Associate Professor of Education and Director of the Center for Innovation in Teaching and Assessment Jeff Frank discussed ways to reframe boredom as a guest on the Boston College podcast, Pulled Up Short.
Frank has taught a First-Year Seminar (FYS) titled What Does it Mean to be Educated and courses such as Contemporary Educational Policy, Teaching and Teachers, and American Philosophies of Education. He holds a Ph.D. in philosophy and education from Columbia University and a B.A. in philosophy from Middlebury College.
Professor of Mathematics Patti Frazer Lock and George Ashline ’89 published the article, “Career Paths and Suggestions: Alumni Reflections from Two Undergraduate Programs,” in the journal, Math Horizons. The collaborative project leverages the strength of St. Lawrence’s alumni network to examine the paths Dennis Lock ’08, Laura Byer ’11, and Francisco Rodriguez-Tineo ’19 took after graduating with a degree in mathematics.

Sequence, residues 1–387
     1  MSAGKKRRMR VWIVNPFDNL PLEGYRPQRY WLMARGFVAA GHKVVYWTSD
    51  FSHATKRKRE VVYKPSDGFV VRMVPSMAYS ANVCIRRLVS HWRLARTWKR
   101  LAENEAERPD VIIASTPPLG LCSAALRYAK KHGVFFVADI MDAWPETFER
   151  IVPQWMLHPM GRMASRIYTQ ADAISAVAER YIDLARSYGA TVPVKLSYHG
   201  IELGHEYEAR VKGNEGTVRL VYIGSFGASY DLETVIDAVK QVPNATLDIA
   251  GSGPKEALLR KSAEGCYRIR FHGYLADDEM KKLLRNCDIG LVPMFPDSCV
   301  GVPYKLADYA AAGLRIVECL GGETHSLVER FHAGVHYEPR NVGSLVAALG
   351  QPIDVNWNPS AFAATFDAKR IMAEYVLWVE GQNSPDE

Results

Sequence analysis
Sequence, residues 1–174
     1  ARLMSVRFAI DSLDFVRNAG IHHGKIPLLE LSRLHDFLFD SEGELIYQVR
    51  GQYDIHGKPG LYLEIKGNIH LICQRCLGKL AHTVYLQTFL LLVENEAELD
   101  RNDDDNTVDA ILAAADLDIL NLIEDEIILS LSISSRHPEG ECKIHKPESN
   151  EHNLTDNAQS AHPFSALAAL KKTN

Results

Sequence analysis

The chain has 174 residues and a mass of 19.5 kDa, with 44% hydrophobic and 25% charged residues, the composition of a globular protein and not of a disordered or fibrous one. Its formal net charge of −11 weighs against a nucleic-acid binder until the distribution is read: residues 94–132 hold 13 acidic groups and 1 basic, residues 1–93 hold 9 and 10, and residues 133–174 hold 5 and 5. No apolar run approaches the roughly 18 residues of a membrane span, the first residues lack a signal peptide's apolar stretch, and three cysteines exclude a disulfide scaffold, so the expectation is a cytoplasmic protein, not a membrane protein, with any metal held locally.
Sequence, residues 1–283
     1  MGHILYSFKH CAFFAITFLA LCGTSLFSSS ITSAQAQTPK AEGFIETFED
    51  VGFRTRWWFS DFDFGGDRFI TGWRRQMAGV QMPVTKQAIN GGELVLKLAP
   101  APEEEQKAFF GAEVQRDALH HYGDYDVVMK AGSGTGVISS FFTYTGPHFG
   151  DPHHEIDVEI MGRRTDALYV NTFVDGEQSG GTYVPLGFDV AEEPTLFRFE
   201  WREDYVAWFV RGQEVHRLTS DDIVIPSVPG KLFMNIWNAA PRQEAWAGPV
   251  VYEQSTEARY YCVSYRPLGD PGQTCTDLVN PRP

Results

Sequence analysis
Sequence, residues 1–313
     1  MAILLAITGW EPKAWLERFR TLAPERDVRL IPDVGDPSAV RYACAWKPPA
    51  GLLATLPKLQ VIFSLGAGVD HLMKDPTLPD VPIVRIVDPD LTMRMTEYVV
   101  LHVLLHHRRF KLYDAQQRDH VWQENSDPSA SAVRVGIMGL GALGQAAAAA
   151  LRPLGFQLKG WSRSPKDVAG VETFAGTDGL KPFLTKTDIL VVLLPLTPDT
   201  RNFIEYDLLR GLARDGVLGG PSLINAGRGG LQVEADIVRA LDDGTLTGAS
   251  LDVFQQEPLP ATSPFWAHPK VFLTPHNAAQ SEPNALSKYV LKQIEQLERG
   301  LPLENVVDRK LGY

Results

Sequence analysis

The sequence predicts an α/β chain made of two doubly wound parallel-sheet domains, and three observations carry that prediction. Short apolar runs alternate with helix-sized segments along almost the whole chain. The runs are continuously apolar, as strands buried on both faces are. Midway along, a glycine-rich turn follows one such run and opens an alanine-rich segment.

Frazer Lock teaches courses across the spectrum of mathematics and statistics at St. Lawrence and collaborates with undergraduates on her research in graph theory. She has served on or chaired national committees on statistics and math education, and is currently the co-chair of the committee to revise the Guidelines for Assessment and Instruction in Statistics Education (GAISE). Frazer Lock holds a bachelor’s degree from Colgate University and a Ph.D. from the University of Massachusetts at Amherst.
Associate Professor of Environmental Studies Peter Pettengill's co-authored book, “Studies in Outdoor Recreation,” was featured in Parks Stewardship Forum-The Interdisciplinary Journal of Place-Based Conservation. The excerpt from the book highlights ten principles of outdoor recreation and is available through the University of California's eScholarship platform as well as the University of California, Berkeley, Institute for Parks, People, and Biodiversity
Pettengill has worked for the National Park Service and Bureau of Land Management and conducted fieldwork in Acadia, Grand Canyon, Yosemite, and Zion National Parks. He holds a Ph.D. in Natural Resources from the University of Vermont, an M.S. in Environmental Law from Vermont Law School, and a B.S. in Environmental & Resource Economics from the University of New Hampshire.